The Social Program Of Jesus -- By: James D. Rankin
BSac 89:355 (July 1932) p. 284
The Social Program Of Jesus
Every thoughtful person, looking upon the disorder, strife and bitterness of the world, must recognize the need of something that will stabilize society and strengthen the spiritual forces which make for righteousness. The unanimity with which thinking people are turning to Jesus Christ as the only power by which this can be accomplished, is significant. Dr. Orchard, in his book, The Necessity of Christ, says, “The thinking of men and the movements of the time are running toward Christ. . . The world cannot be saved without Christ.” Gilbert Murray, the most scholarly and influential unbeliever of Great Britain, said a few years ago, “The ethics of Nietzsche brought on the war and only Jesus Christ can undo its evil; the world recognizes its need of Jesus Christ as it never did before.” G. Bernard Shaw said, “I am ready to admit that, after contemplating the world and human nature for sixty years, I see no way out of the world’s misery but the way Christ would use, if He were to undertake the work of a modern practical statesman.” Many similar testimonies are at hand. The Christian religion is the great underlying force which has given moral vigor and conquering might to the world and it alone can maintain these.
I. Some of the Underlying Principles of Christ’s Social Order
1. The Basal Unit of Christ’s Social Order is the Individual.
He came in the era of Institutions. Man was nothing; the institution was everything. Paganism was built around the idea that the individual existed for the State and was valuable only as he gave strength thereto. The Jew believed that everything existed for the Church. Between these two, the individual was crushed.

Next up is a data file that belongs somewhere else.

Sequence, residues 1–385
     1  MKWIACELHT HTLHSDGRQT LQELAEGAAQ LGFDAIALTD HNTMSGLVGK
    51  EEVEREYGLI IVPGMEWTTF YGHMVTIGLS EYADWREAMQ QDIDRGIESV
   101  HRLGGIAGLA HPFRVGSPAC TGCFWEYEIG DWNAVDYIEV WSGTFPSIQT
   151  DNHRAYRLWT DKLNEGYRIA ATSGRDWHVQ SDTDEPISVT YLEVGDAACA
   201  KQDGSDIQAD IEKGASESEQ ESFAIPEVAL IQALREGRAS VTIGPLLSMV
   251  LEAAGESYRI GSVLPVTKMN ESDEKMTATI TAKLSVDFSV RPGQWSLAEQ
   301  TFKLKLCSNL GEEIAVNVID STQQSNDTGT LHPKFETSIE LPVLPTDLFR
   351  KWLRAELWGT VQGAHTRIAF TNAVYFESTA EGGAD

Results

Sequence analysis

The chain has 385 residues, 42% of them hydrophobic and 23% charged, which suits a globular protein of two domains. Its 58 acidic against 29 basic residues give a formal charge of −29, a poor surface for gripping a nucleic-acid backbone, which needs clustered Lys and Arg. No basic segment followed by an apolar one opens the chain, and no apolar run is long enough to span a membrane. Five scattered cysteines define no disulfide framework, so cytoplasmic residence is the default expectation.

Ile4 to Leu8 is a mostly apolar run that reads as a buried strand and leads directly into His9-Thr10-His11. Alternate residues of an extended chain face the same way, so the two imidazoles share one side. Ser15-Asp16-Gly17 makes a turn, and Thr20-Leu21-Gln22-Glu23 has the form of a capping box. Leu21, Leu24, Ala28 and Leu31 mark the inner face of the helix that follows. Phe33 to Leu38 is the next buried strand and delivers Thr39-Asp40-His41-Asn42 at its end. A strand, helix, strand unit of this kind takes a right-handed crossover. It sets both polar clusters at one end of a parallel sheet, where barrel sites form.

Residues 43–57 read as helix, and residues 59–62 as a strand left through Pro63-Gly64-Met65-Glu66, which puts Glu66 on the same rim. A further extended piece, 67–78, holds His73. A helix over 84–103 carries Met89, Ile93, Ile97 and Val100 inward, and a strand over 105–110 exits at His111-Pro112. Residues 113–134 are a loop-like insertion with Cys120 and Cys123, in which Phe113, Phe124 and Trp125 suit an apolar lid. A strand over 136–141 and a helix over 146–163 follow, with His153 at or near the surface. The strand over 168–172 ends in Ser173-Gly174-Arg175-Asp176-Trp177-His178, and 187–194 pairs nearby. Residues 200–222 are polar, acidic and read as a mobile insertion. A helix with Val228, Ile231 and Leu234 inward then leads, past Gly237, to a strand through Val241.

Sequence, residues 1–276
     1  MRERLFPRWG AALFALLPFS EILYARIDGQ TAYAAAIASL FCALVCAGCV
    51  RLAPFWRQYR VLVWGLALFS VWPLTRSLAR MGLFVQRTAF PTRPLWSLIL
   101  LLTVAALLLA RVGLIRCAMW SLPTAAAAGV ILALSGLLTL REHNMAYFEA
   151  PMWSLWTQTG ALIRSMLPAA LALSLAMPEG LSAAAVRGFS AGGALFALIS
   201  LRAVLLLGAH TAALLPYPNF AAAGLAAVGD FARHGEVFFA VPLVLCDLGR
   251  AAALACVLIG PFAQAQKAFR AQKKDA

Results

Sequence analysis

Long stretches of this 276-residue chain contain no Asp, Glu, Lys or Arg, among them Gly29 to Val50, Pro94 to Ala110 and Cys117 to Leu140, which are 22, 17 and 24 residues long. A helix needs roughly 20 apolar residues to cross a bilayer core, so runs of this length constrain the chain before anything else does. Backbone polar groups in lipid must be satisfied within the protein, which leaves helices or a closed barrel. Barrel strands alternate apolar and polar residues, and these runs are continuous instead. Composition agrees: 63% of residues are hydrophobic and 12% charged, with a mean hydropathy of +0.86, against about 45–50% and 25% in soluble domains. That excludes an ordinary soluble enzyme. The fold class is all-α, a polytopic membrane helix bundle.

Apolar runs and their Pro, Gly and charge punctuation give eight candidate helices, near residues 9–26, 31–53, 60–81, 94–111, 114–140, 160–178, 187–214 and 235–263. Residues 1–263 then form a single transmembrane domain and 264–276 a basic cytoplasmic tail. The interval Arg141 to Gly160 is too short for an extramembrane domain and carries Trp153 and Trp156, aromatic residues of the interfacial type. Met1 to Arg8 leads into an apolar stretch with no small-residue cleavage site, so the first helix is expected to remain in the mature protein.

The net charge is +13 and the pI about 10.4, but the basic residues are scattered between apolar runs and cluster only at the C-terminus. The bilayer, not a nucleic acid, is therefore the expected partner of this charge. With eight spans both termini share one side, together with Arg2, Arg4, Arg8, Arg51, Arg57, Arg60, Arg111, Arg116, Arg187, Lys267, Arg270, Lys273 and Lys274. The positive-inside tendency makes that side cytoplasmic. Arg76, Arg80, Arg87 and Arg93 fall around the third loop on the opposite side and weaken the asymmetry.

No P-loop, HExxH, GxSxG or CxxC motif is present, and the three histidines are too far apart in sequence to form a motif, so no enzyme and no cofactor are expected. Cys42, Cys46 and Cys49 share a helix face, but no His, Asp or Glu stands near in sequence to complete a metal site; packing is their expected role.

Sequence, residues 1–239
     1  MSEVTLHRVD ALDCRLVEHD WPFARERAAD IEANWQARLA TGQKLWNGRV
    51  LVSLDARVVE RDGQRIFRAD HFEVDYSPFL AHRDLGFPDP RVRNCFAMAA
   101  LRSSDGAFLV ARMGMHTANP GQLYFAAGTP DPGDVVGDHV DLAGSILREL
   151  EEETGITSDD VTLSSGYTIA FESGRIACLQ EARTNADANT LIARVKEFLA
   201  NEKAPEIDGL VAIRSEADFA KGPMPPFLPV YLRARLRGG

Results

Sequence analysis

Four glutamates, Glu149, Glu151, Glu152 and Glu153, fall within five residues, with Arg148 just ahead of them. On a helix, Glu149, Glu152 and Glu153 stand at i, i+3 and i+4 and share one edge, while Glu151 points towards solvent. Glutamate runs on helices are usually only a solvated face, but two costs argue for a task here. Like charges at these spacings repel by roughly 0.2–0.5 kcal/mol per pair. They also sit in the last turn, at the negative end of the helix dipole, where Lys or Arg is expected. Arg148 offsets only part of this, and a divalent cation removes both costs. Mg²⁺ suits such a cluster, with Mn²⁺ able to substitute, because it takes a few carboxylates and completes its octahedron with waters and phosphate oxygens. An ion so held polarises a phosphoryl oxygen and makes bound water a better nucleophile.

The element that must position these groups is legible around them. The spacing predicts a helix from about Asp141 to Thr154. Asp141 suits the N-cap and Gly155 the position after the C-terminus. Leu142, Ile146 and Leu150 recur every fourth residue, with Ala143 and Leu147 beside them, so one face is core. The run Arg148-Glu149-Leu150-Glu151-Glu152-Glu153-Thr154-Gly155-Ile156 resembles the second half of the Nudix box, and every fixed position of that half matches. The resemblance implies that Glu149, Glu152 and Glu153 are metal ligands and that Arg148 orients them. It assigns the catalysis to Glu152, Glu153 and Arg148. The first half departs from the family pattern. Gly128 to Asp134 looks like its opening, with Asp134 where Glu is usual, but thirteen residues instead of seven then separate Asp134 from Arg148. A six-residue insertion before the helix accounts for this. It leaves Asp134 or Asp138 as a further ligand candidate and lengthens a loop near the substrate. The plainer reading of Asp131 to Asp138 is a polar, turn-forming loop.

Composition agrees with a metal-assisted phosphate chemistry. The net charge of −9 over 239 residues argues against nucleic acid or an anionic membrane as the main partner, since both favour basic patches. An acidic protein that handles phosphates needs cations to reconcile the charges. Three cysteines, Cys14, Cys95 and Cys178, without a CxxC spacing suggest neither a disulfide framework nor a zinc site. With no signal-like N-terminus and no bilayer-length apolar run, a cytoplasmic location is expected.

BSac 89:355 (July 1932) p. 285
Against these two conceptions, Jesus launched His kingdom, based upon the value of the individual. He taught that man was the child of God and therefore the most valuable thing in the universe. He said that State and Church existed for the individual and were valuable only as they served him. He said, they were the servants and not the rulers of man. He trampled upon the regulations of the Church wherever they infringed upon the rights of the individual.
He fronted these institutions with the sovereign individual and demanded for him the throne they had usurped. He asked, “What shall it profit a man though he gain the whole world and lose his own soul?” It was a startling valuation. The idea was revolutionary. It contradicted the whole genius of ancient civilization and gave birth to a new civilization. John Stuart Mill, the deist, said to the husband of George Eliot, “A great crisis, in the history of liberty, came at the Cross of J...
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